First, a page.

Already on a par with Kuwait and UAE: Why do Chinese gold retailers and realtors need global oil and gas assets?
China’s oil and gas expansion is gathering pace and may turn the country into a global energy player. Chinese conglomerate Yantai Xinchao is looking to buy oil-producing assets of Texas for US$1 billion, while CNPC has expressed an intention to buy 19.5% of Rosneft shares for up to US$10 billion. These are just the latest news about expansion of the Chinese companies abroad. Last year, Yantai Hinchao bought two oilfields in U.S. for US$1.3 billion, adding them to the Chinese oil and gas assets in 42 countries. Actually, the total cost of China’s foreign oil and gas assets has increased to US$92 billion enabling China to compete in the oil and gas market with the leading OPEC members – Kuwait and UAE. According to the International Energy Agency (IEA), last year, foreign assets of the Chinese companies brought 3 million barrels of oil daily, which is more than 27% of China’s consumption. In addition to 4.6 million barrels of the domestic recovery, the country self-sufficiency in oil totals 65%. Experts say China’s economic expansion will turn the energy market upside down. They say the growing foreign assets of China will soon let it dictate its own conditions in the global market.
“What we do know is that China will be a major energy player for the foreseeable future,” says John Manfreda, analyst at Oilprice.com.
With no fuss
The leaderships of Chinese companies say it is impossible to satisfy China’s needs at the expense of foreign assets, as the demand is too high – the country is the second largest oil importer. They say the expansion of companies will turn them, not the country, into global players, such as, for instance, BP or ExxonMobil. To prove their words, they say that the greatest part of the oil recovered abroad is sold on the global market, and is not supplied to China. Meantime, experts say everything depends on the geographic location of the asset. Sometimes, it is more effective to buy oil and gas rather than supply them.
“Chinese companies join production projects to guarantee supply of energy resources to their own market. This is what makes them different from Western companies,” says Igor Yushkov, a leading analyst at the National Energy Security Fund. “For instance, 30% shares of Yamal, the Russian liquefied natural gas project were bought by Chinese companies: CNPC and Silk Road Fund. It was done on condition that in the summer season of navigation on the Northern Sea Route, gas will be supplied to China. As for Total, it joined the project with hope that it will be profitable. Such companies as Shell, ExxonMobil or BP join projects for profit, not for guaranteeing oil supply to the country of their origin. Meantime, the Chinese companies less care for profits. That is exactly why, Chinese companies have been operating in Africa since late 1990s and early 2000s. Western companies often preferred not to enter politically instable, less studied countries with unclear tax regimes. China, quite the contrary, entered such countries, bribed local political leaders to receive security guarantees and reduce the official tax burden.”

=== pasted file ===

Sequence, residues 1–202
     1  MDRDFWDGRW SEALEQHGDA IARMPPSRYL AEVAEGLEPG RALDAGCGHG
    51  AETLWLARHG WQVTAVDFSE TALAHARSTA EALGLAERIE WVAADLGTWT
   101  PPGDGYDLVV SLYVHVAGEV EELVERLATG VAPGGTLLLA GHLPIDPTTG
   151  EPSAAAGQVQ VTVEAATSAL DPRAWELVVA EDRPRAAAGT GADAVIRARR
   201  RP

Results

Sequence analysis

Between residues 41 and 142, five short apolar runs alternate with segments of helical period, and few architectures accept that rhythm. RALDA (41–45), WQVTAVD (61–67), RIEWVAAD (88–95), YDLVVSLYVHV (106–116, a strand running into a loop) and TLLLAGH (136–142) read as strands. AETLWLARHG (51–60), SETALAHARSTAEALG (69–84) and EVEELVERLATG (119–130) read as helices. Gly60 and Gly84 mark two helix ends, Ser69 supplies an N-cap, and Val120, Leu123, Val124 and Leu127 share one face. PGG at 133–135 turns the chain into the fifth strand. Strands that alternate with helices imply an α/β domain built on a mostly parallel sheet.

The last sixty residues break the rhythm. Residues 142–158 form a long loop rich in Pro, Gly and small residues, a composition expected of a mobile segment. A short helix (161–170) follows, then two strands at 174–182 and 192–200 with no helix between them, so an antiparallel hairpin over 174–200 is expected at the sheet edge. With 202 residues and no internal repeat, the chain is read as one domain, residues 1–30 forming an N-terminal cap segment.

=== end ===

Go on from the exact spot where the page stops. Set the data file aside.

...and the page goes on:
All for energy security: both realtors and gold retailers
One of China’s distinctive features is that the state-run companies were expanding abroad until recently. These are Sinopec, CNOOC and CNPC. All they are engaged in oil and gas recovery – ground, sea and shale. Besides, these companies participate in projects of storage, refinancing and transportation of oil and gas from U.S. and Brazil to Angola and Australia. They control the entire chain of hydrocarbons supplies; from wells up to consumers.
“China keeps diversifying its oil and gas supply sources,” says Igor Yushkov. “The Chinese are afraid of the supply interruption, which is quite possible. U.S. and its allies regularly hold exercises in the Malaki Gulf - it is the ‘bottleneck’ of the global trade, as nearly all oil tankers and LNG carriers pass through it sailing from Africa and Middle East to China. Therefore, Beijing develops, for instance, cooperation with Russia. We can supply energy resources to China without transit countries. It was for the same reason that China has entered Central Asia by building a gas pipeline from Turkmenistan.”